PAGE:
Greinasafni: Söfn
Still Life :The exhibition focuses on still life paintings by Icelandic artists of different generations
The exhibition focuses on still life paintings by Icelandic artists of different generations, some better known for other types of work. Artworks from the Hafnarborg collection will be on display as well as works from other public and private collections. This is an opportunity to see works by some of the country’s most important 20th century artists such as Louisa Matthíasdóttir, Kjarval, Kristín Jónsdóttir, Jón Stefánsson and Gunnlaugur Blöndal. Curated by Ólöf K. Sigurðardóttir and Þorbjörg Br. Gunnarsdóttir.

Still life
Curator's text

Arrangements have long been the subject of artists; a subject at times loaded with symbols and sometimes the purest taking on of form and colour. The simplest common denominator of work of this kind is everyday objects arranged on a table which the artist then recreates in a painting or a drawing. The concept Still life is wideranging and has changed through the course of time. The works reflect the spirit of the times and ideas about the artistic interpretation of form and content at each time.

In this exhibition, the focus is mainly on the artist taking on the basic elements of composition which always characterises still life works. The internal structure of the surface, the interplay of colour and form, texture, light and shadow create a unity which satisfies the artist’s visual need for symmetry. Most of the works are by 20th century Icelandic painters, some of whom have dedicated a substantial part of their careers to still life, but also by artists who are known for works of an altogether different kind. However, one can often detect a painter’s characteristics; form or use of colour, which characterises other work by the artists in question. Special attention is given to reflections on form and furthermore, time and the spirit of the times may be read through the working methods used and ideological characteristics, where the artists’ style and subject are easily recognisable.

The oldest works in the exhibition are in traditional style as most of the artists had attended established European arts academies where emphasis was placed on academic workmanship in the approach to a subject. The emphasis of the works is on the form, colour and texture of the subject, which often are a beautiful flower or a bouquet of flowers in a vase, along with the occasional bowl or decorative object on a cloth-covered table. Icelandic women who engaged in painting in the 19th and the beginning of the 20th century made a substantial number of still life paintings. The subject was considered well suited to women. Furthermore, female art students were not allow to practice drawing the forms of the human body except from statues or parts of statues and other dead objects – still life. Women’s place in society at this time also contributed to female artists more often seeking subjects for their work in their immediate environment, the home and the studio.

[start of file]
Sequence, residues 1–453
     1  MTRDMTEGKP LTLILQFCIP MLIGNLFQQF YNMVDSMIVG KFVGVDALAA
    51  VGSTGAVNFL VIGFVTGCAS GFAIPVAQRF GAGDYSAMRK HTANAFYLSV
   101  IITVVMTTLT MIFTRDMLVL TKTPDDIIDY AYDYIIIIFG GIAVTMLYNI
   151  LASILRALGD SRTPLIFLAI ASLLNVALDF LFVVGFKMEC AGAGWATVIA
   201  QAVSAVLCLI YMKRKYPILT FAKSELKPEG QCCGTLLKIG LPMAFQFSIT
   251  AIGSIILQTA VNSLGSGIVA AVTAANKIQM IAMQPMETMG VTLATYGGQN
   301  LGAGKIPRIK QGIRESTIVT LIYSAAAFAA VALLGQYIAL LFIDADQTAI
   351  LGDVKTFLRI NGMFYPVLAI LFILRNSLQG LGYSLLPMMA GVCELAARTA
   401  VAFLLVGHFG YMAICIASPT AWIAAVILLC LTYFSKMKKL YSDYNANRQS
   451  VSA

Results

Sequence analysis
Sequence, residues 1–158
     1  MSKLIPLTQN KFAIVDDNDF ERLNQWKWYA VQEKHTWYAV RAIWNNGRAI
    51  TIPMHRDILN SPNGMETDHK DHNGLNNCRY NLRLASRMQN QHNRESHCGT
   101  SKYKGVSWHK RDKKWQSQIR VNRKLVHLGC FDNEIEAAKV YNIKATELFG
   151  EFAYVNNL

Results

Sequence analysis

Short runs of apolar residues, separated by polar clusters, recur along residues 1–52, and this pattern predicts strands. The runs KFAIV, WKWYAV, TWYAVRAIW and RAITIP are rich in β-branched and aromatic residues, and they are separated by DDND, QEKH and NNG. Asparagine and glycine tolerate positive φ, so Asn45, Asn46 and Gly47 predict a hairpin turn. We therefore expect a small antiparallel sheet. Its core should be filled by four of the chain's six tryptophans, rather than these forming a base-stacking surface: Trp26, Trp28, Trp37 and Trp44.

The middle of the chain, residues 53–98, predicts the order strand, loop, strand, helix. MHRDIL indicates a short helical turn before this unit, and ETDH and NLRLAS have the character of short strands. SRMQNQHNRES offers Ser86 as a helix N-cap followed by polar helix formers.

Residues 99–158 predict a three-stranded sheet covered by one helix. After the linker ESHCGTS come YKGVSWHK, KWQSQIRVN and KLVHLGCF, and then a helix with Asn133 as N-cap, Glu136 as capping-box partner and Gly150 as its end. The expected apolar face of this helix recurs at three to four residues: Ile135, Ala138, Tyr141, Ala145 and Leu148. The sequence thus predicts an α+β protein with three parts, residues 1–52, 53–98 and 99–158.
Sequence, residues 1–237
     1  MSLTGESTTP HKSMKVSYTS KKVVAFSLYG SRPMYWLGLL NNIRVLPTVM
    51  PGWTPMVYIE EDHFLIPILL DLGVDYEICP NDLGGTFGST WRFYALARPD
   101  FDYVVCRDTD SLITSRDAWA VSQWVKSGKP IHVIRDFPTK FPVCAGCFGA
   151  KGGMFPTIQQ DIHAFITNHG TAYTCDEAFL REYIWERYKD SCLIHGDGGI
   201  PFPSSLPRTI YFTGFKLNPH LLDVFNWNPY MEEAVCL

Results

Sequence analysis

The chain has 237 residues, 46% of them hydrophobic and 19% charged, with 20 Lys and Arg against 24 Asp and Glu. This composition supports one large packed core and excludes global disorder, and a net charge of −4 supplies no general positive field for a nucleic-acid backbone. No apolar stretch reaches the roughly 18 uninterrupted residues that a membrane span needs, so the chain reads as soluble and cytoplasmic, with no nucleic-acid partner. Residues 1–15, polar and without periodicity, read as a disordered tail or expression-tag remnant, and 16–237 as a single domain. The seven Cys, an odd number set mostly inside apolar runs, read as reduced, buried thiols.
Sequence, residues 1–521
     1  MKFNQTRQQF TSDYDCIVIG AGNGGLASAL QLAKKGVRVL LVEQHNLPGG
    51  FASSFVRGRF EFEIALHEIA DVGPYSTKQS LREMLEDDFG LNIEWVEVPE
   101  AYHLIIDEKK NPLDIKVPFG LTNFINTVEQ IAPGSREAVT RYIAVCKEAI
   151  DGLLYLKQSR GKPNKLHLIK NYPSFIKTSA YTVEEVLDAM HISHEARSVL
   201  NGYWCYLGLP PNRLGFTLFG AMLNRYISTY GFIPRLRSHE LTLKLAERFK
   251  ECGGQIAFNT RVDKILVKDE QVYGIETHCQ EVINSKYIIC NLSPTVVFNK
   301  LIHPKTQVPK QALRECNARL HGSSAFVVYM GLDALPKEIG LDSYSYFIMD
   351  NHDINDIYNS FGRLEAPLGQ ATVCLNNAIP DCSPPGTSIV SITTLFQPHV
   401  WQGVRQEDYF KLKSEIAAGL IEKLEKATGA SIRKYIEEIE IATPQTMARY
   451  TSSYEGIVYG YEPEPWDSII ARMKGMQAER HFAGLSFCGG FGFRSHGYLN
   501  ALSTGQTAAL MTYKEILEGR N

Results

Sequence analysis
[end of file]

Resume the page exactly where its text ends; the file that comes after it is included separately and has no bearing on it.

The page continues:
There was great ground swell in painting throughout the 20th century. This reflects a transformation in the field of technology and the progress which then occurred and the philosophical questions of time and space which came in its wake. Artists‘ still life paintings from this period demonstrate that the taking on of form is often the main subject of the paintings. The form of the subject is broken up and rearranged, choice of colour is often further removed from reality and the objects simpler; everyday household objects such as water jugs and food bowls along with vegetables or various other foods.

Throughout the ages, still life has not always been highly regarded in the art world but it has always survived in some form. The manifestation of the subject has evolved although still life as a subject always entails the artist’s taking on the basic elements of structure, whether in two-dimensional or three-dimensional form, photographs or digital technology. In this exhibition, the emphasis is on still life in traditional media and the paintings of the contemporary artists who have works in the exhibition are characterised by an awareness of history although viewpoints and ideological approaches are moulded by the present. As at the beginning of the last century, it is the internal structure of the surface, the interplay of colour and form, texture, light and shadow which need to create unity and fulfil the visual need for symmetry.

In the exhibition are works from Hafnarborg‘s own collection and works lent by the ASÍ Art Museum, the National Gallery of Iceland, the Reykjavík Art Museum, private individuals and artists.

Curators are Ólöf K. Sigurðardóttir and Þorbjörg Br. Gunnarsdóttir.

Hafnarborg
The Hafnarfjordur Centre of Culture and Fine Art

Strandgata 34
220 Hafnarfjörður Iceland

Open every day from 12–17  and Thursdays 11–21.
Closed on Tuesdays.

www.hafnarborg.is
hafnarborg@hafnarfjordur.is
+354 585 5790    

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